Community Research and Development Information Service - CORDIS

Making sense of corrosion protection

An EU-funded project designed and developed probes for sensor devices that enhance the detection and monitoring of corrosion. Resulting information made available to operators stands to help protect against corrosion and its effects, too.
Making sense of corrosion protection
Elements such as moisture and chemical interactions often lead to corrosion - the degradation of an engineered material. Measurements are used to follow such developments in order to protect functional devices across a range of applications. However, the results of expert surveys have traditionally been presented to end users in written reports. This often complicates decision-making, something which has the potential to further hinder operations, for example in process plants.

Losses incurred due to corrosion could be radically reduced if on-line and real-time monitoring, understandable to the wider professional public, become a natural part of decision-making processes. A corrosion monitoring system that provides better information on the corrosive state of working components would also allow for better implementing countermeasures and help mitigate costs. The latter are related, among others, to substituting damaged devices, loss of serviceability and environmental impact.

The 'Automated corrosion sensors as on-line real time process control tools' (Corrlog) project set out to address the need for implementing corrosion sensors as a process control tool for more effective corrosion protection. The project aimed to develop small, independently working sensor devices that would enable rapid, reliable and reproducible corrosion monitoring. Team members focused on optimising direct accessibility to data for end users, and achieving sensor accuracy and reliability in their individual application platforms.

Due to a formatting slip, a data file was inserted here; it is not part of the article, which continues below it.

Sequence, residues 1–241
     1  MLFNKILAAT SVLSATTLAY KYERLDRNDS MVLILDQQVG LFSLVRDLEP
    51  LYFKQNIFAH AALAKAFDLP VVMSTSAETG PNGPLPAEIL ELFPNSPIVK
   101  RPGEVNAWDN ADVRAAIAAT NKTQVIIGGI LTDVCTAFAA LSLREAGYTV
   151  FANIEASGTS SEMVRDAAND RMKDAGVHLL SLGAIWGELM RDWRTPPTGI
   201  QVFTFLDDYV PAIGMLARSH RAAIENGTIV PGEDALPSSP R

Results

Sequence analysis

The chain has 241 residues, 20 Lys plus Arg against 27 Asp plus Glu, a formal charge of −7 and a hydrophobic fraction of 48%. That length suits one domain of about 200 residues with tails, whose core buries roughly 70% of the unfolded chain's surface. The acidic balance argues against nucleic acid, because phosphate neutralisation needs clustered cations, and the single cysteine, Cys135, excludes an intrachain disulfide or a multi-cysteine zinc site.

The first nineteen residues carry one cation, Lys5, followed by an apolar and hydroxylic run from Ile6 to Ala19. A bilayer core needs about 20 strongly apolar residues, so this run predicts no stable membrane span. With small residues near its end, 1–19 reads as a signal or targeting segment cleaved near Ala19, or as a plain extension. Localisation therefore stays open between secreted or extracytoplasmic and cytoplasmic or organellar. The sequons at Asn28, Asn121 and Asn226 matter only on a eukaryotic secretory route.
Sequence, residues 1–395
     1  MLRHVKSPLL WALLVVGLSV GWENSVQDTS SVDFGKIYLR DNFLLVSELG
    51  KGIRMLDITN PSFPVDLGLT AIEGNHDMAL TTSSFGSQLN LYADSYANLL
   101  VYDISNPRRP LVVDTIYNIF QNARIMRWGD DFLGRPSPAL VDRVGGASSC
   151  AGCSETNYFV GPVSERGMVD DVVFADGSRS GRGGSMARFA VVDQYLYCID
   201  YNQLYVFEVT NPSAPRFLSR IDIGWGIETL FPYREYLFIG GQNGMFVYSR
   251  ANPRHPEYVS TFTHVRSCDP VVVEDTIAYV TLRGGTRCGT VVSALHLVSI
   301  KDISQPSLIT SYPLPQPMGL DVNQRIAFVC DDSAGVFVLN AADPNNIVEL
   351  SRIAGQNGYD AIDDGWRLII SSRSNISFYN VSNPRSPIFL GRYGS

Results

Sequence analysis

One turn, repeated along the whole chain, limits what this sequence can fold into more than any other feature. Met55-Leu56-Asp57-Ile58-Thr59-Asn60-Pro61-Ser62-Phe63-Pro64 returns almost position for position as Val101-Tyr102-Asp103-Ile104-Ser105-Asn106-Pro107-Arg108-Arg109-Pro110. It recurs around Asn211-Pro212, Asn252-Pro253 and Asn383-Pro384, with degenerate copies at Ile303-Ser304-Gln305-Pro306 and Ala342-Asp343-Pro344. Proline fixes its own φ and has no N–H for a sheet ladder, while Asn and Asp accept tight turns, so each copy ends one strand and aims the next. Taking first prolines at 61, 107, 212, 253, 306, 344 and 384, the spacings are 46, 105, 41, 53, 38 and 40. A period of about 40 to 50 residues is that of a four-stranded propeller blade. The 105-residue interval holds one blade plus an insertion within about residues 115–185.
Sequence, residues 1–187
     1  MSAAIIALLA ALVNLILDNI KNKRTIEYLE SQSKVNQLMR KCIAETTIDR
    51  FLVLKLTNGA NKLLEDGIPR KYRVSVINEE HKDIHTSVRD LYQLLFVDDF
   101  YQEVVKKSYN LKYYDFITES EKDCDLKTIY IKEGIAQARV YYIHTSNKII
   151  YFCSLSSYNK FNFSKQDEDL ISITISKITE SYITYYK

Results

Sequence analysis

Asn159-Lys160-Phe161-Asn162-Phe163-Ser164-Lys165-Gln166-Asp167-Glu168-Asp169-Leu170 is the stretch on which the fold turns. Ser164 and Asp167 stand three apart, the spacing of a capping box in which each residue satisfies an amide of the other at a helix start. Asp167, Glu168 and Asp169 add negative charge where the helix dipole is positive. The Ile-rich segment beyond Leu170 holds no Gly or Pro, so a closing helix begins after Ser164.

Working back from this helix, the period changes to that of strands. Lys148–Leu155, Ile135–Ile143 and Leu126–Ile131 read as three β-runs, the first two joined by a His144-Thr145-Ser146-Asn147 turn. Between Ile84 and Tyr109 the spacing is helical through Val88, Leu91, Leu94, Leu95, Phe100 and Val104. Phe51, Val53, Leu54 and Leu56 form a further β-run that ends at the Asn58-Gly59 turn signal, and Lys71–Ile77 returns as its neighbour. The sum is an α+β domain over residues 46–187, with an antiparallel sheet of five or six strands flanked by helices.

Efforts centred on developing indoor and outdoor atmospheric corrosion sensors as well as fluid or soil media corrosion sensors for detecting internal or external corrosion. Basing their work on the concept of a measuring device using an electrical resistance (ER) technique, partners proceeded with prototype designs: one for a flush-mounted probe, and one for an insertion probe. Laboratory tests found good correlation between the monitoring by ER responses and the actual corrosion rate identified on the sensor element. Further work identified design specifications based on end-user requirements and the manufacture of various insertion steel prototypes tested in field tests. Experimental results revealed the probes were successful.

The insertion probe was made available at Metricorr and will be marketed primarily for district heating water applications. Corrlog reports noted that the flush-mounted probe can be manufactured on request.

Study outcomes have the potential to boost the application of sensor devices in cultural heritage protection, electronic equipment, telecommunications and transportation.

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